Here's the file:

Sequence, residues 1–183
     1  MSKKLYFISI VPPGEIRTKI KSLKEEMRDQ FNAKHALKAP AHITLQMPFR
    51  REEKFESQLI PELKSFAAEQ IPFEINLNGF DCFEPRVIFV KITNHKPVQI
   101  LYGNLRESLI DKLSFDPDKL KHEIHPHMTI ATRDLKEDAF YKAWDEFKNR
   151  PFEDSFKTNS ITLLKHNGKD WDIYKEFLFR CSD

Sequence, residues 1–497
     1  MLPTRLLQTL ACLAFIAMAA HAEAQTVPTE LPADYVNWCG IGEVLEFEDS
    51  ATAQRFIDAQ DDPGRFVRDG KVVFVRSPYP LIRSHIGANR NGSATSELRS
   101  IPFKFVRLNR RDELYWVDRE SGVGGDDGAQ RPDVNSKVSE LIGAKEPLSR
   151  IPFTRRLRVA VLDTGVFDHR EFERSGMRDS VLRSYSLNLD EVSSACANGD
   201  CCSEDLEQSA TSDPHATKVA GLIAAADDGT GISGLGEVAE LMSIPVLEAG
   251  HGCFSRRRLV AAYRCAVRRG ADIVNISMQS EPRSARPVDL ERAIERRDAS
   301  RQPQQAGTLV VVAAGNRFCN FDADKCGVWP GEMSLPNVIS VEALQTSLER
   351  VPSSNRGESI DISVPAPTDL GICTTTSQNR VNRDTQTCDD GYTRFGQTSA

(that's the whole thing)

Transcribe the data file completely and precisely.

Sequence, residues 1–183
     1  MSKKLYFISI VPPGEIRTKI KSLKEEMRDQ FNAKHALKAP AHITLQMPFR
    51  REEKFESQLI PELKSFAAEQ IPFEINLNGF DCFEPRVIFV KITNHKPVQI
   101  LYGNLRESLI DKLSFDPDKL KHEIHPHMTI ATRDLKEDAF YKAWDEFKNR
   151  PFEDSFKTNS ITLLKHNGKD WDIYKEFLFR CSD

Sequence, residues 1–497
     1  MLPTRLLQTL ACLAFIAMAA HAEAQTVPTE LPADYVNWCG IGEVLEFEDS
    51  ATAQRFIDAQ DDPGRFVRDG KVVFVRSPYP LIRSHIGANR NGSATSELRS
   101  IPFKFVRLNR RDELYWVDRE SGVGGDDGAQ RPDVNSKVSE LIGAKEPLSR
   151  IPFTRRLRVA VLDTGVFDHR EFERSGMRDS VLRSYSLNLD EVSSACANGD
   201  CCSEDLEQSA TSDPHATKVA GLIAAADDGT GISGLGEVAE LMSIPVLEAG
   251  HGCFSRRRLV AAYRCAVRRG ADIVNISMQS EPRSARPVDL ERAIERRDAS
   301  RQPQQAGTLV VVAAGNRFCN FDADKCGVWP GEMSLPNVIS VEALQTSLER
   351  VPSSNRGESI DISVPAPTDL GICTTTSQNR VNRDTQTCDD GYTRFGQTSA